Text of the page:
CFR Presents

Asia Unbound

CFR experts give their take on the cutting-edge issues emerging in Asia today.

Robert S. Spalding III: Being Firm With China

by Guest Blogger for Elizabeth C. Economy Monday, December 30, 2013
Honour guard troops march during a welcoming ceremony for visiting Palestinian President Mahmoud Abbas outside the Great Hall of the People in Beijing on May 6, 2013. (Petar Kujundzic/Courtesy Reuters) Honour guard troops march during a welcoming ceremony for visiting Palestinian President Mahmoud Abbas outside the Great Hall of the People in Beijing on May 6, 2013. (Petar Kujundzic/Courtesy Reuters)

Robert S. Spalding III is a military fellow at the Council on Foreign Relations.

The Air Defense Identification Zone recently announced by the Chinese was most likely not hastily done. The Chinese do not do anything hastily. It is part of a return to preeminence for a nation that feels slighted by history. Assailed on all sides by invaders and conquerors, China has had to bide its time while it rebuilt its devastated economy. While still a work in progress, Beijing now feels sufficiently confident about the future to assert its military rise. It’s important to remember, however, when it comes to its military rise, China is not evil, nor is China good. China is merely pursuing its own national interests. Read more »

Abe’s Yasukuni Visit: The Consequences?

by Sheila A. Smith Monday, December 30, 2013
Japan's Prime Minister Shinzo Abe (C) is led by a Shinto priest as he visits Yasukuni shrine in Tokyo December 26, 2013 Japan's prime minister Shinzo Abe (C) is led by a Shinto priest as he visits Yasukuni shrine in Tokyo December 26, 2013 (Toru Hanai/Courtesy Reuters).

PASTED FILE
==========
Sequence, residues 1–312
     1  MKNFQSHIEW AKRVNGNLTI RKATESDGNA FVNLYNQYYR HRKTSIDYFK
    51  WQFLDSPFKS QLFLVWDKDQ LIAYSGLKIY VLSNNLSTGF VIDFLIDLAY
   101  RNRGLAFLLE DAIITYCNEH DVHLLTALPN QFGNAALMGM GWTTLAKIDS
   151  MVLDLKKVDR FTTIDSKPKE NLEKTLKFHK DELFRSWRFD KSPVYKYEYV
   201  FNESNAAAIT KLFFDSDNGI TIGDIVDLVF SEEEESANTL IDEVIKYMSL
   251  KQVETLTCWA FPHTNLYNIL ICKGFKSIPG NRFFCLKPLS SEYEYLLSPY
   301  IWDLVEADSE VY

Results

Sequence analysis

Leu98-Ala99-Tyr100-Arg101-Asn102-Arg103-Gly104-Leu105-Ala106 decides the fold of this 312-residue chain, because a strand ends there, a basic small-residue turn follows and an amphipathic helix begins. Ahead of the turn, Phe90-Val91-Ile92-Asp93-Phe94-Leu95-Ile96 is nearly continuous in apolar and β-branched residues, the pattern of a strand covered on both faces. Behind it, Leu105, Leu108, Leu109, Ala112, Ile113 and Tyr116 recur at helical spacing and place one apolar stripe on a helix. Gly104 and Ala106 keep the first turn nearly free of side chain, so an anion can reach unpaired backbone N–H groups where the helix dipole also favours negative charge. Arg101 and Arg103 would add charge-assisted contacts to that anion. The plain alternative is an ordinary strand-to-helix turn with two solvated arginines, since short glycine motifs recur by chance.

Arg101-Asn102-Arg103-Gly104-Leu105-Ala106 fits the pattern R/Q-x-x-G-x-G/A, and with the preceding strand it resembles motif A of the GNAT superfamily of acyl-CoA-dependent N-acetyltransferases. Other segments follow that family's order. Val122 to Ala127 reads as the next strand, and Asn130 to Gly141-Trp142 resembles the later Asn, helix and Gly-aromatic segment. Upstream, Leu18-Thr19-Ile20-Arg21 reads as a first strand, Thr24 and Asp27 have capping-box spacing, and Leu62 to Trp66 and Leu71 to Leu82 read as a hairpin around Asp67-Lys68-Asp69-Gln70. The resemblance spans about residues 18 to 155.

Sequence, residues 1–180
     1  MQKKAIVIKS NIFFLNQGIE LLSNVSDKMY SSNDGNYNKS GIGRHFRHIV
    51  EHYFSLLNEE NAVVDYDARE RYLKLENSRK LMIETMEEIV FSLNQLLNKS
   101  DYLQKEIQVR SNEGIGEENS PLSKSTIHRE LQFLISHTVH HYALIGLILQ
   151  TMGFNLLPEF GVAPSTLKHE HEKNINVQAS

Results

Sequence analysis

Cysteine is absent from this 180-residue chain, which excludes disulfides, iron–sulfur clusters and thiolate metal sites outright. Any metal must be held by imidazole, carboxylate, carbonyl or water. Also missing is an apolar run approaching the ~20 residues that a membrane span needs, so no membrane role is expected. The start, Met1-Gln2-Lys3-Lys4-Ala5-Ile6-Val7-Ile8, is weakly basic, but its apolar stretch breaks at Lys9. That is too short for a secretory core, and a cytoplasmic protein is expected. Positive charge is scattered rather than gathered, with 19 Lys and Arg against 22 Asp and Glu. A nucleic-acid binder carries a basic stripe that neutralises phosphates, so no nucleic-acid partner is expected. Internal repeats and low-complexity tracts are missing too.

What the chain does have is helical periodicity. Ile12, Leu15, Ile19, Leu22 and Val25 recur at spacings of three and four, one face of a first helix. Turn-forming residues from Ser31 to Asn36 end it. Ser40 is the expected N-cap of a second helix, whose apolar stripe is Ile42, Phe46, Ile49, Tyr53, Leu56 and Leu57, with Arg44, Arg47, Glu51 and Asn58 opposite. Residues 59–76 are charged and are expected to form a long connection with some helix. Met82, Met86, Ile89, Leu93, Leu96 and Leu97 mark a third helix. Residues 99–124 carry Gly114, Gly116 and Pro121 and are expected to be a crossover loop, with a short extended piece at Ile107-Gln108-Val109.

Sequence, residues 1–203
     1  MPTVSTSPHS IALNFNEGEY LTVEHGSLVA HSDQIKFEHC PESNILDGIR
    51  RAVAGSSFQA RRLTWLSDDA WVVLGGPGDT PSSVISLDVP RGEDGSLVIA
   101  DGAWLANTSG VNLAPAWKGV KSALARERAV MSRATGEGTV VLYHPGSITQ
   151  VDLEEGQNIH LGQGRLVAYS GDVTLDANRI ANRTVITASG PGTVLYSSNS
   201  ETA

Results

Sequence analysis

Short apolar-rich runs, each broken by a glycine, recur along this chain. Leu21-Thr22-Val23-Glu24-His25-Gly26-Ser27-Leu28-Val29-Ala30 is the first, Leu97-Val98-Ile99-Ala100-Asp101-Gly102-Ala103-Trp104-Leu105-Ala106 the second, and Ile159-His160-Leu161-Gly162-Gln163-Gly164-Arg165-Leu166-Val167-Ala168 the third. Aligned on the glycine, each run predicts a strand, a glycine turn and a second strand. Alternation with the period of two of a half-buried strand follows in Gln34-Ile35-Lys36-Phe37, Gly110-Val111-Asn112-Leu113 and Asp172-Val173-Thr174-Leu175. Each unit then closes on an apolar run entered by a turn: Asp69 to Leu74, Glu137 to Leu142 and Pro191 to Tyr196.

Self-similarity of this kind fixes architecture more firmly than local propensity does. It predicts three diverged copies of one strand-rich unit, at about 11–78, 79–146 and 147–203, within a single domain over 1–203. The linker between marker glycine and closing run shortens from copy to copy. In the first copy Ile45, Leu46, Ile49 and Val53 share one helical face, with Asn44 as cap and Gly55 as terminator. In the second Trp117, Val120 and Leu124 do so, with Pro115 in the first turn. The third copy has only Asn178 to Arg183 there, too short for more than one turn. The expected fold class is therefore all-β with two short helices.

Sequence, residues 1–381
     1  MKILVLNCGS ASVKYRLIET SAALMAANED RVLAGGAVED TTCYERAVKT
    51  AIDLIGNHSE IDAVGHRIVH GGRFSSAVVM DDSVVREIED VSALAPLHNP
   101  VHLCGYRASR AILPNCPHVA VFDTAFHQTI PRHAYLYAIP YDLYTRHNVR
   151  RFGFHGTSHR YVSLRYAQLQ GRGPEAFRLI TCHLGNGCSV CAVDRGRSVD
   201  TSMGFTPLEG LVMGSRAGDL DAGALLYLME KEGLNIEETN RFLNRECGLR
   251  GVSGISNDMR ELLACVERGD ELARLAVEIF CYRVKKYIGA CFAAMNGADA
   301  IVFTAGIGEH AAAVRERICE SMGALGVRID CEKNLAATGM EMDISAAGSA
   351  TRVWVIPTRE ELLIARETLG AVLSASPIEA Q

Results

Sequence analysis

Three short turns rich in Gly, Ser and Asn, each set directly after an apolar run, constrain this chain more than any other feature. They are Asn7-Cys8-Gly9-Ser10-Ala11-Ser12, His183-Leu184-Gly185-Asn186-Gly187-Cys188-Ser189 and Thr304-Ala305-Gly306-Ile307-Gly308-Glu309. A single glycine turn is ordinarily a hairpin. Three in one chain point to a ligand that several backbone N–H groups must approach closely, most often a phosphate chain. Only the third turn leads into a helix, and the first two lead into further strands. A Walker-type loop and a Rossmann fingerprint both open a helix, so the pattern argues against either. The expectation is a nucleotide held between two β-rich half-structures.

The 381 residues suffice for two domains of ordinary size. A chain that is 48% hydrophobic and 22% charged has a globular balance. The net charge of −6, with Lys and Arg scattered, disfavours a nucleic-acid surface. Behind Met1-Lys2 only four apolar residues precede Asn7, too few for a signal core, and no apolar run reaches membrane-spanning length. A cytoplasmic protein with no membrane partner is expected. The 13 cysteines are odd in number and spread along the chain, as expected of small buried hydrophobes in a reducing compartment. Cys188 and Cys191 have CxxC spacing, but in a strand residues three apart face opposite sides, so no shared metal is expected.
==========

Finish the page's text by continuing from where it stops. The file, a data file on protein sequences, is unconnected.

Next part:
On December 26, Prime Minister Shinzo Abe made an official visit to the controversial Yasukuni Shrine, drawing harsh criticism from Japan’s neighbors and a public rebuke from the U.S. Embassy in Tokyo. Now that he has done it, what are the likely policy consequences? Read more »

Friday Asia Update: Top Five Stories for the Week of December 27, 2013

by Guest Blogger for Elizabeth C. Economy Friday, December 27, 2013
abe-visits-yasukuni-shrine Japanese prime minister Shinzo Abe follows a Shinto priest during a visit to the Yasukuni shrine in Tokyo on December 26, 2013. Abe’s visit to the shrine for war dead has angered China and South Korea (Toru Hanai/Courtesy: Reuters).

Darcie Draudt, Will Piekos, and Sharone Tobias look at the top five stories in Asia this week.

1. Japanese prime minister pays his respects to Yasukuni Shrine. Prime Minister Shinzo Abe paid his respects at the controversial Yasukuni Shrine, which honors 2.5 million Japanese war dead, including over a dozen “Class A” war criminals. It was the first visit to the Shinto shrine by a serving prime minister since 2006, when Junichiro Koizumi went. Abe tried to play down the visit, saying it was an anti-war gesture, but Abe’s actions were widely and swiftly condemned; the Yasukuni Shrine is seen by the region as a symbol of Imperial Japanese aggression. China called the visit “absolutely unacceptable to the Chinese people”; South Korea expressed “regret and anger”; and the U.S. embassy in Tokyo said in a statement that it was “disappointed” and the prime minister’s actions would “exacerbate tensions” with Japan’s neighbors. Read more »

Top 10 South Asia Stories of 2013

by Alyssa Ayres Friday, December 27, 2013
southasia-topten-2013 Voters wait inside a polling station to cast their vote during the state assembly election in New Delhi on December 4, 2013 (Adnan Abidi/Courtesy: Reuters).

In a year of many tumultuous events, these ten developments stood out—in my personal view—as the most consequential stories for India and South Asia. It was a year of many elections, of protests, and of change. Herewith the list, with a few links for further reading: Read more »